Improvements in Attention Following Cognitive Training With the Novel "Decoder" Game on an iPad.
Frontiers in behavioral neuroscience
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Savulich, G., Thorp, E., Piercy, T., Peterson, K., Pickard, J., & Sahakian, B. (2019). Improvements in Attention Following Cognitive Training With the Novel "Decoder" Game on an iPad.. Frontiers in behavioral neuroscience, 13 2. https://doi.org/10.3389/fnbeh.2019.00002
Work and study increasingly rely on the use of technologies requiring individuals to switch attention rapidly between emails, texts and tasks. This has led to healthy people having problems of attention and concentration and difficulties getting into the ‘flow,’ which impedes goal attainment and task completion. Possibly related to this, there is an increasing diagnosis of attention deficit hyperactivity disorder (ADHD) and prescriptions of drugs such as methylphenidate. In addition to ADHD, attention is impaired in other neuropsychiatric disorders, such as schizophrenia and in traumatic brain injury. Based on neuropsychological and neuroimaging evidence, we developed ‘Decoder’, a novel game for targeted cognitive training of visual sustained attention on an iPad. We aimed to investigate the effects of cognitive training in 75 healthy young adults randomly assigned to a Cognitive Training (eight hours of playing Decoder over four weeks; n = 25), Active Control (eight hours playing Bingo over four weeks; n = 25) or Passive Control (continuation of activities of daily living; n = 25) group. Results indicated that cognitive training with Decoder was superior to both control groups in terms of increased target sensitivity (A’) on the CANTAB Rapid Visual Information Processing (RVP) test, indicating significantly improved sustained visual attention. Individuals playing Decoder also showed significantly better performance on the Trail Making Test compared with those playing Bingo. Significant differences in visual analogue scales were also found between the two gaming groups, such that Decoder received higher ratings of enjoyment, task-related motivation and alertness across all hours of game play. These data suggest that cognitive training with Decoder is an effective non-pharmacological method for enhancing attention in healthy young adults, which could be extended to clinical populations in which attentional problems persist.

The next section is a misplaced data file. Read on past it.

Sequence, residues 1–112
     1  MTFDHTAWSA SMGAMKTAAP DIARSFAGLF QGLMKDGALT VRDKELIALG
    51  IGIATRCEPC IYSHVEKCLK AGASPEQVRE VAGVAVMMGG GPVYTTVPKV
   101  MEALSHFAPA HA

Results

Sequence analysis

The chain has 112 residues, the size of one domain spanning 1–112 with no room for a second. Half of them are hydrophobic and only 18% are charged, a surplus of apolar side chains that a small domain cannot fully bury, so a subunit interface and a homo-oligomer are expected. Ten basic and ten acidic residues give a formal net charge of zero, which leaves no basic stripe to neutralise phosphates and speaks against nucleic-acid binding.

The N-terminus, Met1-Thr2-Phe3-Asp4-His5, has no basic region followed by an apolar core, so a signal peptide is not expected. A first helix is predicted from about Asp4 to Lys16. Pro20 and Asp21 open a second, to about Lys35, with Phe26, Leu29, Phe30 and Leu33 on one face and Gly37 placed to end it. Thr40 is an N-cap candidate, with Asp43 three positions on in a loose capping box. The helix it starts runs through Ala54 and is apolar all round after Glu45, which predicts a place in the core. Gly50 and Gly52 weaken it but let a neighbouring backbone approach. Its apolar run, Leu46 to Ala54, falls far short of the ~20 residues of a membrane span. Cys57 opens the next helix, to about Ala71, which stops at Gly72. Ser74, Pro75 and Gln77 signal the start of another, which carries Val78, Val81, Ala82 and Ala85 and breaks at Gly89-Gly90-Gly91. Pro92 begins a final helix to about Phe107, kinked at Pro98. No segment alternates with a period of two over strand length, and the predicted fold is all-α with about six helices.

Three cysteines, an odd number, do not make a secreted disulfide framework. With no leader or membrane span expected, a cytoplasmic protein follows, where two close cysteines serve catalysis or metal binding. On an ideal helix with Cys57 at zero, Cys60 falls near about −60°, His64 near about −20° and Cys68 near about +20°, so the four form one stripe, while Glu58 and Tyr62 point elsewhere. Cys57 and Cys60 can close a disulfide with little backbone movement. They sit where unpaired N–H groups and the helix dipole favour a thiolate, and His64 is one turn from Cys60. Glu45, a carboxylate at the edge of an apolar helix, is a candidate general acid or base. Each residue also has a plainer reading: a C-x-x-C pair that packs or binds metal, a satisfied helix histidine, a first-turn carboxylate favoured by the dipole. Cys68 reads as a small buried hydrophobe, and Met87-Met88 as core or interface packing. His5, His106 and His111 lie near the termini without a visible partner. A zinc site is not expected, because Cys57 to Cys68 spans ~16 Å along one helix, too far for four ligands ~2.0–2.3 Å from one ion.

This research was supported by the NIHR Brain Injury Health Care Technology Co-operative (HTC) and the NIHR MedTech and in vitro diagnostic Co-operative (MIC). George Savulich is funded by the Wallitt Foundation and Eton College, with support from the NIHR Cambridge Biomedical Research Centre (BRC) Mental Health theme. Tom Piercy is funded by the NIHR Cambridge Biomedical Research Centre (BRC) Mental Health theme. Barbara Sahakian receives funding from the NIHR Cambridge Biomedical Research Centre (BRC) Mental Health theme.
External DOI: https://doi.org/10.3389/fnbeh.2019.00002
This record's URL: https://www.repository.cam.ac.uk/handle/1810/288715
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Licence URL: https://creativecommons.org/licenses/by/4.0/